Corporation tax: The (lack of) evidence for cuts
At the heart of George Osborne’s economic policy is a deeply perverse belief that if he cuts public spending and services people’s confidence will increase because they will think that they will have more money to spend themselves as a result and so there will be economic expansion as they spend more in anticipation of this windfall. This is called expansionary fiscal contraction. There is no evidence to support it: it’s very obviously not working. It has rightly attracted opprobrium, including from Paul Krugman.
This perverse, and failing, policy is matched by another perverse policy which will also fail, but which has not as yet had time to evidence that fact. This is the policy of cutting corporation tax in the belief that this will increase both growth and employment, which is central to Osborne’s policy of cutting the mainstream corporation tax rate from 28%, which it inherited from Labour, to 23% over a period of four years.
It is argued by many, including academics and the OECD that there is, indeed, a relationship between growth, employment, and low corporation tax rates. However, new research that I’ve undertaken for the TUC, published today, leads me to seriously doubt this.
Using sample data from OECD, EU and other sources, and considering a long time period, from 1997 to 2010 I found that whilst it is true that there is some limited correlation between falling tax rates and increased growth and employment, those links were so weak that other factors must explain the causation of the relationship, and that changing corporation tax rates do not.
In fact, applying statistical analysis to the data, and making sure that obviously dissimilar countries to the UK, like Ireland, Luxembourg, Italy and Japan in the case of growth (because the first two are both small states and tax havens, and the last two have suffered such low rates of growth that they cannot be compared to the UK) and Greece, Italy and Spain with regard to employment (because their employment patterns are so different from the UK’s), suggests that just 7% of growth can be explained by the enormous range of different corporation tax rates offered by the countries surveyed, and only 6% of the significant variation in employment rates can be explained by differences in corporation tax rates.
That is significant: if comparison is made with countries like the UK, rather than making comparison to all countries, then it becomes very clear that changing corporation tax rates has almost no impact upon either growth or employment, and well over 90% of any difference has to be explained by other factors, which might well include the level of public spending in the country.
This research makes clear as a result that these cuts in corporation tax are likely to provide almost no return to UK economy, They are, on the other hand, guaranteed to make large UK companies richer. As a consequence, the gap between rich and poor in this country will increase whilst the resources available to the government will be reduced.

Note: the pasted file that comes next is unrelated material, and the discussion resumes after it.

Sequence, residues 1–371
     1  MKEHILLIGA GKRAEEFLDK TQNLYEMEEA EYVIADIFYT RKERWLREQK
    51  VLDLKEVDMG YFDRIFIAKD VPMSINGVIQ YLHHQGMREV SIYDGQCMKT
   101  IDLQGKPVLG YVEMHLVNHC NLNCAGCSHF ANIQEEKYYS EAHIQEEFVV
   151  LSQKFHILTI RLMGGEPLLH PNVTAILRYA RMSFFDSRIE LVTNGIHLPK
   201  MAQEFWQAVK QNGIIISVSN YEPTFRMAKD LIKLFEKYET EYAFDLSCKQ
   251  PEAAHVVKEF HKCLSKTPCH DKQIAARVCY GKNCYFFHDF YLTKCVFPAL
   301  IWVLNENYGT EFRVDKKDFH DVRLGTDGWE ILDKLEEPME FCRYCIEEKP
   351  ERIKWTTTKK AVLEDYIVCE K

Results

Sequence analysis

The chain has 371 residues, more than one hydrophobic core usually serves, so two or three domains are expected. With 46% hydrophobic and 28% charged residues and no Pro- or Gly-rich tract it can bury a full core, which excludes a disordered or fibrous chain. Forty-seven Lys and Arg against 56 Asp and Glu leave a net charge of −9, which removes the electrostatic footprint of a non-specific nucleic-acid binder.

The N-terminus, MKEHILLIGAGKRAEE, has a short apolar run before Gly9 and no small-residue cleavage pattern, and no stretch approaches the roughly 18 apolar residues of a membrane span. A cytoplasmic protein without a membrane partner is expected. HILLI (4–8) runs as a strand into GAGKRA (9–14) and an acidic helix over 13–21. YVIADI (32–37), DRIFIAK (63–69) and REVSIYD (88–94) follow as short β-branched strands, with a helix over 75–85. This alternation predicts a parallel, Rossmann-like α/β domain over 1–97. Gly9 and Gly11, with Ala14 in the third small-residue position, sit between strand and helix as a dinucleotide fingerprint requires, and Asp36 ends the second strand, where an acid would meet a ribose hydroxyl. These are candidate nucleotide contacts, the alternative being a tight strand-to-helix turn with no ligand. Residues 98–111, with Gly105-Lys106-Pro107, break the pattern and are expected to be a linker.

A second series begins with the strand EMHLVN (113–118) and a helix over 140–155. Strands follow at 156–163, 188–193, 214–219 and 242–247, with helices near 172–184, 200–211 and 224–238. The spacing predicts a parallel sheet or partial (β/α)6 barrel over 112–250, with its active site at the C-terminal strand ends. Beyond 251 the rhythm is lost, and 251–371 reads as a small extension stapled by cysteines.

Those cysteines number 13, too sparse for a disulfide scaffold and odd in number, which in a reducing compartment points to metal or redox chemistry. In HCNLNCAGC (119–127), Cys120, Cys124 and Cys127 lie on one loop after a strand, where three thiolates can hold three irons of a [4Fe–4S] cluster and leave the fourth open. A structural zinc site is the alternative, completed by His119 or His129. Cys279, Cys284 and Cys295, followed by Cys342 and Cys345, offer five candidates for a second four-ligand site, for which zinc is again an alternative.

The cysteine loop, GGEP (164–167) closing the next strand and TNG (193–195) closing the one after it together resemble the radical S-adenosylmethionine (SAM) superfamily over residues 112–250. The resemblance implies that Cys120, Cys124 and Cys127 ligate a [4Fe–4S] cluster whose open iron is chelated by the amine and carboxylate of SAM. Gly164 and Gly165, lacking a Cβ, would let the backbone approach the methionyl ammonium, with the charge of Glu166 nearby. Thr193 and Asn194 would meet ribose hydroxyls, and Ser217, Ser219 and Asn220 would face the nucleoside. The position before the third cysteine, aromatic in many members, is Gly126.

The research makes another very important point though, which is that is that the claim that these cuts in tax rates are necessary because the UK is uncompetitive is also wrong. The U.K.’s current corporation tax rates were already at or below international averages, and there is no reason to reduce them as a consequence. In addition, because well over 90% of all UK companies pay tax at the UK small companies rate, which is currently 20%, and this is vastly lower than the average corporation tax rate across most OECD and EU countries, we do in fact already have an extremely generous corporation tax regime in the UK, Despite that the obvious observation has to be made that it is not apparently delivering growth at this time. Why cuts should therefore suddenly deliver growth when low rates are not already doing so is hard to work out.
The reality is this policy of cutting corporation tax, just like the policy of expansionary fiscal contraction, appears to have no logic in fact: it appears to be entirely driven by dogma. That dogma is based upon a dislike of government and public services, and the desire to increase corporate profits at the expense of all other sections in society and parts of the economy. The resulting policy of tax cuts for companies, when almost everyone else is seeing tax increases, is further indication that we are not all in this together.
Indeed, the exact opposite is the truth: whilst my report shows that the government expects tax yields from income tax, national insurance and VAT to increase significantly over the next few years corporation tax takes will, having taken inflation into account, flat line. There is, as a result, just one sector in the UK economy that is being favoured by the policy of cuts, and that is big business. Even small business will not benefit in the same way, its corporation tax cut is being cut by just 1%, whereas the cut for big businesses is 5%.
The implication is clear: this government is running an economic policy for the boardroom’s of big business, for bankers, international financiers, tax avoiders and those with significant wealth. Everyone else is having a tough time: for this elite though things have never been so good. And it is important to stress, there is no logic to this: this is political choice, designed to deliver gain for a tiny proportion of society at cost to everyone else.